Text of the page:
How Caregivers Can Focus on Better Sleep


Caring for other people can be rewarding, but it can also impact your ability to have healthy and consistent sleep. A caregiver spends many hours each day taking care of others, but they may find it difficult to destress enough to fall asleep and stay asleep at night.

Studies have shown that the more caregiving responsibilities (1) someone has, the less likely they are to get adequate sleep. This lack of sleep for caregivers can sometimes result in negative effects on mental health and quality of life (2). Often, caregivers are balancing work (3), family, and many other responsibilities that can impact their ability to get adequate sleep.

Getting consistent and quality sleep each night is essential to mental and physical health. It’s important to know why being a caregiver can affect sleep and the steps you can take to improve your sleep quality.

Why Does Caregiving Affect Sleep?

Being responsible for the care of a sick loved one is not easy. In fact, researchers have labeled this strain as caregiver burden (4). This term indicates that those in caregiving positions experience the stress of caring for loved ones in many aspects of life, including mental and physical health. Because caregivers spend so much time giving, they sometimes neglect to take care of themselves.

Here are some reasons that caregiving may impact sleep:

  • Stress: Feeling stressed and finding it difficult to relax can negatively impact (5) your ability to fall asleep and stay asleep. It can also impact the way you feel throughout the day and how you interact with others.
  • Night Care: Depending on the patient’s medical condition, a caregiver may experience nighttime sleep disturbances. For example, a caregiver caring for someone with dementia (6) may experience sleep disruption by association, as waking at night is a symptom of dementia.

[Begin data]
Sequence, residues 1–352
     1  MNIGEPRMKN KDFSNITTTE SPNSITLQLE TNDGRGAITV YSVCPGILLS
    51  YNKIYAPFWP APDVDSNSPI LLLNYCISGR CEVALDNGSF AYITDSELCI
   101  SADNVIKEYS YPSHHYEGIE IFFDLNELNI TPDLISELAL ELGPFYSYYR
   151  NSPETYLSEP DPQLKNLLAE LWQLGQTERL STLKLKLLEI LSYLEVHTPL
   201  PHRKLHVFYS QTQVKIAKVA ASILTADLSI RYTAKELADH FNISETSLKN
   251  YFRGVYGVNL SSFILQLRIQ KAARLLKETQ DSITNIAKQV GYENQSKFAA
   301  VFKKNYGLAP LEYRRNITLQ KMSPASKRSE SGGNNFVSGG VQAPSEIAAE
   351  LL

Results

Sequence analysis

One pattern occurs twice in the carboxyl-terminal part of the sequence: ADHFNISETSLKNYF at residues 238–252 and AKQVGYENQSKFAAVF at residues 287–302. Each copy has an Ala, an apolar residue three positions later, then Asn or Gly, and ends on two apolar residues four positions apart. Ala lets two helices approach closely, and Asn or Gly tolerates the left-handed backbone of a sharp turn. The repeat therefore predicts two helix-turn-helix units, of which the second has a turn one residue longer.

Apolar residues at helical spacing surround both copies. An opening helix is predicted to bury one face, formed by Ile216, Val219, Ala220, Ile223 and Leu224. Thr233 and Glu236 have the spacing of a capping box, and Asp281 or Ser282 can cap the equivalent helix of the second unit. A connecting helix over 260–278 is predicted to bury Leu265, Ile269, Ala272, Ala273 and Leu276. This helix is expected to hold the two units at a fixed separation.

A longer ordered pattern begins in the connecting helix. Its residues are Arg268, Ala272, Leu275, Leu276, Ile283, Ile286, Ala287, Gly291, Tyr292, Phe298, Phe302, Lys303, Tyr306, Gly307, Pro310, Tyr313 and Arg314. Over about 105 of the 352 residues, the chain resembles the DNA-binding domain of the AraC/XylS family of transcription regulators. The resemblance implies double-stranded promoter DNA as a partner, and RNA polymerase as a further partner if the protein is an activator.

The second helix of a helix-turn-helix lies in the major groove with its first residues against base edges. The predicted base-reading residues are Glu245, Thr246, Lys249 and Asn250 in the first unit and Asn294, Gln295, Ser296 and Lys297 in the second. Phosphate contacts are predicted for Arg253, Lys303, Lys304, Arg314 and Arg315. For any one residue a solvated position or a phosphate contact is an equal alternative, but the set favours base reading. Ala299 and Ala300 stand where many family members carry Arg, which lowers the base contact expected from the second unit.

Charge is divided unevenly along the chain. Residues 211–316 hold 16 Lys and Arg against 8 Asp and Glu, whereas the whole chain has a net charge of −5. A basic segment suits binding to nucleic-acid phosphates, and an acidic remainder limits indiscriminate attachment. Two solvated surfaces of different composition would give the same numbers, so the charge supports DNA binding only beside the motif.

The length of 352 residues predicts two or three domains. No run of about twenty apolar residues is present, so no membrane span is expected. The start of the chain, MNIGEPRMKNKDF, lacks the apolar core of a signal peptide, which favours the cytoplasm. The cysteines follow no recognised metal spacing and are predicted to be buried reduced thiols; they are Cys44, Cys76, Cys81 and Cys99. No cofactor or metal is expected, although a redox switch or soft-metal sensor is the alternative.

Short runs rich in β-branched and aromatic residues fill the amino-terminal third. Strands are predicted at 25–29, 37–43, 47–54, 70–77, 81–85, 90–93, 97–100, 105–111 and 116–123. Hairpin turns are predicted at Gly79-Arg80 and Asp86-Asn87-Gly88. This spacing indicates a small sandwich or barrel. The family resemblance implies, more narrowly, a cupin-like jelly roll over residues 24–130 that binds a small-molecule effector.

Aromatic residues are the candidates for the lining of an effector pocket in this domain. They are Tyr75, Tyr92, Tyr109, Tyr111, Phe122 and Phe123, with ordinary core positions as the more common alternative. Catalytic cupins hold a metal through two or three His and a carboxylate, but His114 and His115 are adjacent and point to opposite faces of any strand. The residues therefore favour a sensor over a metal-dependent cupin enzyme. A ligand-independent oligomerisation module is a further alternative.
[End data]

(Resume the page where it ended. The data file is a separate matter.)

• Lack of Resources: Often, caregiving can feel like a lonely process. Although there may be community resources available (7), they aren’t always convenient or accessible. Taking on so many responsibilities in addition to caregiving doesn’t always offer enough time for much-needed sleep.

How Can I Get More Sleep as a Caregiver?

Because of the positive psychological benefits of receiving quality sleep as a caregiver, it is important to focus on improving your sleep routine. The following suggestions may help you improve your sleep quality:

  • De-Stress During the Day: Trying to make time throughout the day to de-stress while also caring for a loved one might be difficult. But it is essential to prioritize your relaxation at some point in the day. It may be helpful to spend a few minutes doing mindfulness meditation or yoga (8). Feeling less stressed throughout the day will set you up for better sleep at night.
  • Sleep Hygiene: Creating a relaxing bedroom, having a regular sleep schedule, exercising during the day, and avoiding stimulants are all part of maintaining sleep hygiene. Receiving instruction about how to improve sleep hygiene (9) can help caregivers get better sleep quality.
  • Relaxation Techniques: If you care for someone who has insomnia or wakes throughout the night, it may be beneficial for you to focus on how to quickly fall back asleep. Deep breathing (10) and meditation (11) are two techniques you can consider to help ease you back to sleep.
  • Ask for Help: Caregiving is stressful but rewarding. Sometimes it can be hard to ask for help when you’re used to being the helper. But studies show that caregivers’ mental health improves when they ask people close to them (12) for help and when they visit a trusted doctor (13) for advice and care.

When you care for others, sometimes it can be difficult to make time to care for yourself. But getting consistent, quality sleep can help improve your mental and physical health as well as positively impact your ability to care for your loved one. Make time to destress, prioritize sleep, and ask for help when you need it.


+ 13 Sources
  1. 1. Accessed on March 22, 2021.
  2. 2. Accessed on March 22, 2021.
  3. 3. Accessed on March 22, 2021.
  4. 4. Accessed on March 22, 2021.
  5. 5. Accessed on March 22, 2021.
  6. 6. Accessed on March 22, 2021.
  7. 7. Accessed on March 22, 2021.
  8. 8. Accessed on March 22, 2021.
  9. 9. Accessed on March 22, 2021.
  10. 10. Accessed on March 22, 2021.
  11. 11. Accessed on March 22, 2021.
  12. 12. Accessed on March 22, 2021.
  13. 13. Accessed on March 22, 2021.

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